It is important that Baltimore institutions and people work together to create consistency in the neighborhoods of Baltimore. It is admirable that neighborhoods such as Butchers Hill and Mount Vernon are distinct by their architecture, but neighborhoods should not be distinguishable by the number of police camera boxes per block or the number of violent crimes that occur. Wealth in Baltimore needs to be more evenly distributed and businesses need to open in the less trafficked neighborhoods. Jane Jacobs suggests in The Death and Life of Great American Cities that crime can be prevented when eyes are on the streets. She further asserts that businesses bring more eyes to the streets in the form of shoppers and shopkeepers watching from windows. In order to revitalize the poorer communities in Baltimore, neighborhood shops need to be opened.

Individual Perspectives in the Same City

Throughout all of our readings we have focused on the fact that in each city the perspective of the city changes depending on the individual. Initially we read Calvino’s Invisible Cities, which held a number of vignettes of cities. Many of those stories focused on the fact that individuals see the same city a different way. Calvino illustrates that these differing perspectives add dimension to the city and allow the many “faces” of the city to develop. We later see this in Achebe’s No Longer at Ease when Lagos is portrayed from both the perspective of the poor and the rich. In Black Rainbow Wendt illustrated the different views of the city between the “Ones” and the other people whom followed the government’s strict rules.

In Laura Lippman’s Butchers Hill she clearly defines the lines between herself and the rest of Butchers Hill, between herself and Luther Beale, between herself and Jackie Weir, and between each of the witnesses to Luther Beale’s crime. I thought the most interesting distinction was between Sal and Treasure. Both of the boys began in the same situation: poor and orphans. It was interesting to see that Lippman took into account that although people begin in the same circumstances, they can end up in very different places later in life. The description of Treasure in the abandoned house was an accurate description of many poor youths in Baltimore. The description of Sal was slightly different than most of the descriptions of inner-city youths. The meeting with Sal was also extremely interesting. When Tess met up with him he was most affected by, “the mention of the other children, Treasure, Destiny, and Eldon” (128.) Even though boys like Sal come out of the ghetto of Baltimore they will never forget their history.

Sal worked hard for an opportunity to get out of the ghetto of Baltimore. He now holds the opportunity to view Baltimore very differently than Treasure, Destiny, and Eldon ever will. His situation very closely related to the students at St. Ignatius Loyola Academy. These students are given the opportunity to get out of the poor ghettos of Baltimore and into prestigious high schools and later, college. If they choose to take this path they will see Baltimore in a different light than their peers who weren’t able to attend St. Ignatius. I had a hard time believing Sal’s statement saying that he only got ahead because he was smarter. All kids should have the same opportunity, but I do agree that certain kids take those opportunities more seriously than others.

Baltimore: A Wealth of Diversity

In her novel Butchers Hill, Laura Lippman gives us an interesting first hand look at the different faces of the city of Baltimore. She describes many different areas, from the ritzy to the run down, thereby illustrating the cultural diversity of Baltimore.

In reference to Butchers Hill, Mr. Beale says, “This neighborhood is worse than it was when I went in. I guess hell got even hotter” (Lippman 11). This area is described as particularly unsafe and decrepit right from the beginning of the novel. Later on in the novel, another economically deprived and unsafe part of the city, Washington Street, is mentioned. Tess says, “The children of Washington Street couldn’t even afford the luxury of running barefoot through their own dreams” (Lippman 57). This bold statement describes the true atmosphere of certain parts of Baltimore, and on a larger scale, all cities. In addition to her description of these areas, Lippman incorporates wealthy areas of Baltimore into her novel, which gives us a full picture of Baltimore. Tess says, “Clarkesville is home to some of the ritziest subdivisions around” (Lippman 77). However, this town had changed, according to Tess. She had remembered it as “farmland, a few simple houses scattered among trees” (Lippman 78). Therefore, even newly developed areas may have started as something completely opposite, which illustrates the ever-changing nature of all cities. The upper class area of Columbia is referred to as “utopian” (Lippman 118). In addition, the Harborplace is mentioned as one of the newer, more “touristy” areas of Baltimore. Clearly, there are many different sides of Baltimore, as is true of any city.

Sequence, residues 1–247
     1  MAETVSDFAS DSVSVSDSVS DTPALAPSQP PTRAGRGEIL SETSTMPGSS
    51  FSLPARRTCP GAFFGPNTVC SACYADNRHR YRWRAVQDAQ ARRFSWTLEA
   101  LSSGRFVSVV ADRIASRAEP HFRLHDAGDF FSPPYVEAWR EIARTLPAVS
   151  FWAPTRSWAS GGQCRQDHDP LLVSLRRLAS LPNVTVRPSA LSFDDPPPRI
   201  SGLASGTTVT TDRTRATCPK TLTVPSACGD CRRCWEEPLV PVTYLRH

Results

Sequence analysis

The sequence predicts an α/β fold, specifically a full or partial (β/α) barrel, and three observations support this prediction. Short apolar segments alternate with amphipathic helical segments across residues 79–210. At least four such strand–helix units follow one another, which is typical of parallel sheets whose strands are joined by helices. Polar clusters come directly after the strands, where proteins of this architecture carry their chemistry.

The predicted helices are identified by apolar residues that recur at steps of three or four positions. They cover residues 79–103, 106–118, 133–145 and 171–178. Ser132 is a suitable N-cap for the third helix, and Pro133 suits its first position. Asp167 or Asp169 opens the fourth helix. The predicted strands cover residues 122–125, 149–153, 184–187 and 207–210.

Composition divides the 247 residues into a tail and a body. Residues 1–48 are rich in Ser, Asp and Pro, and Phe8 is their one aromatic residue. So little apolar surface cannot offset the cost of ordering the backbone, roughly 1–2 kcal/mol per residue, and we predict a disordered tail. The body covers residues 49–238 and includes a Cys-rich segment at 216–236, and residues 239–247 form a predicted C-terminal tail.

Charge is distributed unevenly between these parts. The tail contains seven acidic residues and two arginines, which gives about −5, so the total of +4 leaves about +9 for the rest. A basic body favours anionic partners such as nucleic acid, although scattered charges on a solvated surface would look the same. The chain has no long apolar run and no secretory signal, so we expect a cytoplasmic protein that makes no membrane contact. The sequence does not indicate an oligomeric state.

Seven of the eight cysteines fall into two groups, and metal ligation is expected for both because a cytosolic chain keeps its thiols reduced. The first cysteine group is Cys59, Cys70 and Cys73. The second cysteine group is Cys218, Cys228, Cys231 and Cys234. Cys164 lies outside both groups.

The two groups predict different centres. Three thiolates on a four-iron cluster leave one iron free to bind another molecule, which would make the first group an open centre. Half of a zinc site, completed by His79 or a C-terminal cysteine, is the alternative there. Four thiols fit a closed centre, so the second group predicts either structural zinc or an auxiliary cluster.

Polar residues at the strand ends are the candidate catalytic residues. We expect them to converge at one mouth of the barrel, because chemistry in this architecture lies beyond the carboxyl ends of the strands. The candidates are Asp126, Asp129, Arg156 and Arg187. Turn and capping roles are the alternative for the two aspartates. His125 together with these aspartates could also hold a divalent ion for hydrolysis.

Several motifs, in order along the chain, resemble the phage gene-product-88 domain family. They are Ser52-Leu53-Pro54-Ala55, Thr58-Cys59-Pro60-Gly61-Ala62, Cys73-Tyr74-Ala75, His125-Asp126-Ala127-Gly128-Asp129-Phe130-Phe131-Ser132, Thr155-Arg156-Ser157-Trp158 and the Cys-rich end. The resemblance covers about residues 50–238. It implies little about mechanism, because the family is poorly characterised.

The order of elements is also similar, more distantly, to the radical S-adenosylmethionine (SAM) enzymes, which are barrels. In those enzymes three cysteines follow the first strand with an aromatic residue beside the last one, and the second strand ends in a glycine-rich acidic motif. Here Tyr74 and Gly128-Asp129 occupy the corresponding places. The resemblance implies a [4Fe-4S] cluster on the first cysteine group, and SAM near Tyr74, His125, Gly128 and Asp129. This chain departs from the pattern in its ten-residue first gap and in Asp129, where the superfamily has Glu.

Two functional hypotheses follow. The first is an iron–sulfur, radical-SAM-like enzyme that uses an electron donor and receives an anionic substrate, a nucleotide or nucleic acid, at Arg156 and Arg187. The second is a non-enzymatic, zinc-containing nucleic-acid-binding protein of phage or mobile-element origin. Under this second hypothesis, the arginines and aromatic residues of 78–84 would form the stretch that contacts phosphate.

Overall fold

The more I explore cities, the more apparent it becomes that cities can be summed up in one word-diversity. Even a city that is considered somewhat wealthy has its poor sections and multicultural areas. Cities attract all different types of people, which can be appealing or not, depending on the individual. The novel Butchers Hill sums up this recurring theme of diversity perfectly when Tess says, “Rich Baltimore, poor Baltimore. Old Baltimore, those folks who can trace their blue blood all the way back to the Ark and Dove, and immigrant Baltimore. I just never thought I’d feel like I was in a foreign land less than a mile from my own apartment” (Lippman 110). Although the feeling of being a stranger amidst many people can be intimidating to some, it can also be an eye-opening experience. I believe that exposure to the areas of Baltimore other than Fells Point and the Harbor can allow everyone to expand their horizons a bit and perhaps discover something exciting. Either way, encountering diversity in the city is a chance for everyone to broaden their limited vantage point. Loyola College may be one of the most homogenous campuses around according to Princeton Review, but we have opportunities for encountering diversity, which most college students do not have available. If we venture out into the city (especially the lesser visited, but still safe parts), we may be able to at least witness, if not interact, with the diverse Baltimore that Lippman describes.